[11] Id. at 19.

[12] Id.

[13] Id. at 20.

[14] Id. at 22 (noting that “[t]he Union’s right to be represented     at formal discussions is grounded in the [Statute] and corresponding contractual provisions”); see 5 U.S.C.                 § 7114(a)(2)(A) (a union shall be given the opportunity to be represented at “any formal discussion between one or more representatives of the agency and one or more [unit] employees . . . concerning any grievance or any personnel policy or practices or other general condition of employment”). 

[15] E.g., U.S. Dep’t of the Air Force, Air Force Materiel Command, Space & Missile Sys. Ctr., Detachment 12,     Kirtland Air Force Base, N.M., 64 FLRA 166, 174 (2009) (Kirtland) (citation omitted) (to have these representation rights, there must be a discussion, which is formal, between one or more representatives of the agency and one or more unit employees or their representatives, concerning any grievance or any personnel policy or practice or other general condition of employment).  It is undisputed that Section 3 does not provide any rights that differ from those in § 7114(a)(2)(A) of the Statute.

[16] Award at 24-25.

[17] Id. at 23.

[18] Exceptions Form at 4; Exceptions Br. at 3-4. 

[19] U.S. Nuclear Regulatory Comm’n, Wash., D.C. v FLRA,      25 F.3d 229, 234 (4th Cir. 1994) (NRC) (emphasis added) (quoting 5 U.S.C. App. 3 § 6(a)(2)).

[20] Nat’l R.R. Passenger Corp. v. Fraternal Order of Police, Lodge 189, Labor Comm., 855 F.3d 335, 339 (D.C. Cir. 2017) (Nat’l R.R.) (second alteration in original) (emphasis added) (citations omitted); see also U.S. DHS, U.S. CBP v. FLRA, 751 F.3d 665, 668 (D.C. Cir. 2014) (DHS) (stating that       “proposals concerning Inspector[‑]General‑investigation procedures are not ‘appropriately the subject of bargaining,’ because to allow such bargaining ‘would impinge on the statutory independence of the’” Inspector General (quoting NRC, 25 F.3d at 234)).

[21] DHS, 751 F.3d at 671.

[22] Exceptions Br. at 4-5.

[23] DHS, 751 F.3d at 672 (emphasis added) (quoting NRC,        25 F.3d at 234); see 5 U.S.C. App. 3 § 2(1) (Inspectors General “conduct and supervise audits and investigations relating to [agency] programs and operations”).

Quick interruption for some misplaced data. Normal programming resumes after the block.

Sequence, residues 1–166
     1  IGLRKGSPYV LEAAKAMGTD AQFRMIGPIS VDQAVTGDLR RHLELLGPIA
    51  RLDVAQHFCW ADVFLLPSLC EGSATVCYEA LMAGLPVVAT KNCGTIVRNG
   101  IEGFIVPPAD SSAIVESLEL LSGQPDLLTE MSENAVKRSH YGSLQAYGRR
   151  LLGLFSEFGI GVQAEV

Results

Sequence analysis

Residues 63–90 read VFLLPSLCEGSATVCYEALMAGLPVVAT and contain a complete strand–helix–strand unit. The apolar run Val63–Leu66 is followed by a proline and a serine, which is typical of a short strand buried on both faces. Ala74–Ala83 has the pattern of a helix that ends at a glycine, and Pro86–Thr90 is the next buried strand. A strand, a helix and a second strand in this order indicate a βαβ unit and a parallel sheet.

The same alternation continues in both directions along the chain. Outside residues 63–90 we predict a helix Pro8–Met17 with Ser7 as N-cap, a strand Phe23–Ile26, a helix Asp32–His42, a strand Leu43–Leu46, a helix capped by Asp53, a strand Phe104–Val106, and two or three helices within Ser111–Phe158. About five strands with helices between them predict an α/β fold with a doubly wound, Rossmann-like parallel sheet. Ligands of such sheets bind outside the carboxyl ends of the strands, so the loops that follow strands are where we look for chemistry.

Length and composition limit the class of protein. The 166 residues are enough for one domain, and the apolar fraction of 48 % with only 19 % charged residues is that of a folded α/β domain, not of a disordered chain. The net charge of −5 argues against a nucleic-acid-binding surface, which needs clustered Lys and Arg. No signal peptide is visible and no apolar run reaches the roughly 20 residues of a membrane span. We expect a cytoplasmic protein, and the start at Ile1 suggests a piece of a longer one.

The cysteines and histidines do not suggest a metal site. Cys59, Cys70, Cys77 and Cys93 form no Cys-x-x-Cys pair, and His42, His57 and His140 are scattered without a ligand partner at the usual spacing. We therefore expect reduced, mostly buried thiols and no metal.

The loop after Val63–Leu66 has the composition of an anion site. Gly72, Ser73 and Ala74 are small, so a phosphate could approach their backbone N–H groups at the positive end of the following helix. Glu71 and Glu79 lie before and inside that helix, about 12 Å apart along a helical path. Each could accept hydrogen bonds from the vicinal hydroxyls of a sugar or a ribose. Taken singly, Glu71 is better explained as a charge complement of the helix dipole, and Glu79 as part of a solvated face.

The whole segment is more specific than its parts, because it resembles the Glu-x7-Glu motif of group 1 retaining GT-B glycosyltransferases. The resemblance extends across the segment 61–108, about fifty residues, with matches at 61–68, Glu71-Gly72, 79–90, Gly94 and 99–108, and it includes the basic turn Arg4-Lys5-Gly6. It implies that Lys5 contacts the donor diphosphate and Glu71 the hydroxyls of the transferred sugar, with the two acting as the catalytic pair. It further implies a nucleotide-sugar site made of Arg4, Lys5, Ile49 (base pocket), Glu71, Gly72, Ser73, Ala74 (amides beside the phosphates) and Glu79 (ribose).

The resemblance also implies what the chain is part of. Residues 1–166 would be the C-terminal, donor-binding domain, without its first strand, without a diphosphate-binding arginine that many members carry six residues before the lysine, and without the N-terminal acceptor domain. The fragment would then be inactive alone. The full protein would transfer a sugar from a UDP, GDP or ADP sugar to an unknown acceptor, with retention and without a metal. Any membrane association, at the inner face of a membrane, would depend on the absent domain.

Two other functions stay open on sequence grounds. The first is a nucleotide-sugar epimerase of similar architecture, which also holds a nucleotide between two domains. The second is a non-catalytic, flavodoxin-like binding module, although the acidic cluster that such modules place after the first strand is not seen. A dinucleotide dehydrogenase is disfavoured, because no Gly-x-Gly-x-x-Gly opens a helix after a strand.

[24] See Nat’l R.R., 855 F.3d at 340 (stating that “collective[‑]bargaining agreements may not regulate an Inspector General’s investigatory authority” (citation omitted)); NRC, 25 F.3d at 235 (parties may not “compromise, limit, [or] interfere with the independent status of [an]                    Inspector General”).

[25] The Union also argues that the award fails to draw its essence from the parties’ agreement because nothing in the agreement excludes the OIG from Section 8’s requirements.         Exceptions Br. at 2.  However, as established above, Section 8 cannot lawfully apply to the OIG survey.  As a result, the Union’s essence exception does not provide a basis for finding that Section 8 should apply here or for finding the award deficient.   

[26] Exceptions Form at 4; Exceptions Br. at 6-9.

[27] Exceptions Br. at 6.

[28] Kirtland, 64 FLRA at 174 (citation omitted).

[29] Exceptions Br. at 7.

[30] U.S. GPO, Pub. Documents Distrib. Ctr., Pueblo, Colo.,      17 FLRA 927, 929 (1985) (GPO) (citation omitted). 

[31] E.g., Kirtland, 64 FLRA at 174-75 (announcement of a reorganization constituted a formal discussion); DOD,         Nat’l Guard Bureau, Tex. Adjutant Gen.’s Dep’t, 149th TAC Fighter Grp. (ANG) (TAC), Kelly Air Force Base, 15 FLRA 529, 533 (1984) (a meeting called by the agency                     “for the purpose of outlining a change in the employees’ workweek” constituted a formal discussion).

[32] E.g., U.S. Dep’t of the Army, New Cumberland Army Depot, New Cumberland, Pa., 38 FLRA 671, 677 (1990) (finding that the “subject matter of safety concerns a general condition of employment”).

[33] Award at 24-25.

[34] Cf. GSA, 50 FLRA 401, 405 (1995) (discussion that involved, among other things, a supervisor’s conduct; employees’ “misuse of government vehicles”; “employee morale”; and employees’ “social relationships,” constituted a formal discussion).

[35] 5 U.S.C. § 7114(a)(2)(A).

[36] See GPO, 17 FLRA at 929 (a discussion that served “no more than a routine monitoring function” did not constitute a formal discussion); IRS (Dist., Region, Nat’l Office Unit), 14 FLRA 698, 700-01 (1984) (no formal discussion where agency was “merely attempting to gather factual information to determine whether its case[‑]assignment procedures were working as envisioned”).   

[37] Cf. AFGE, Local 1592 v. FLRA, 836 F.3d 1291, 1297 (10th Cir. 2016) (finding it unnecessary to determine whether the Air Force Office of Special Investigations was a representative of the Department of the Air Force under § 7114(a)(2)(B) to resolve the dispute).

1 5 U.S.C. § 7114(a)(2)(A).

2 Majority at 5-6.

3 Id. at 2 (quoting Award at 24).

4 See, e.g., GSA, 50 FLRA 401, 404-05 (1995) (holding that a discussion with several bargaining-unit employees about a supervisor’s conduct, as well as the “general environment in the office, including matters involving employee morale and social relationships,” concerned general conditions of employment). 

5 See NASA v. FLRA, 527 U.S. 229, 237-43 (1999) (rejecting agency’s argument that agency inspector general’s independence under Inspector General Act rendered       inspector general’s employees incapable of acting as         agency representatives when conducting                   investigatory interviews under § 7114(a)(2)(B)); see also PBGC, Wash., D.C., 62 FLRA 219, 223-24 (2007) (finding agency’s equal employment opportunity contract investigator to be agency representative under § 7114(a)(2)(A)); SSA, Office of Hearings & Appeals, Boston Reg’l Office, Boston, Mass., 59 FLRA 875, 879-80 (2004) (same).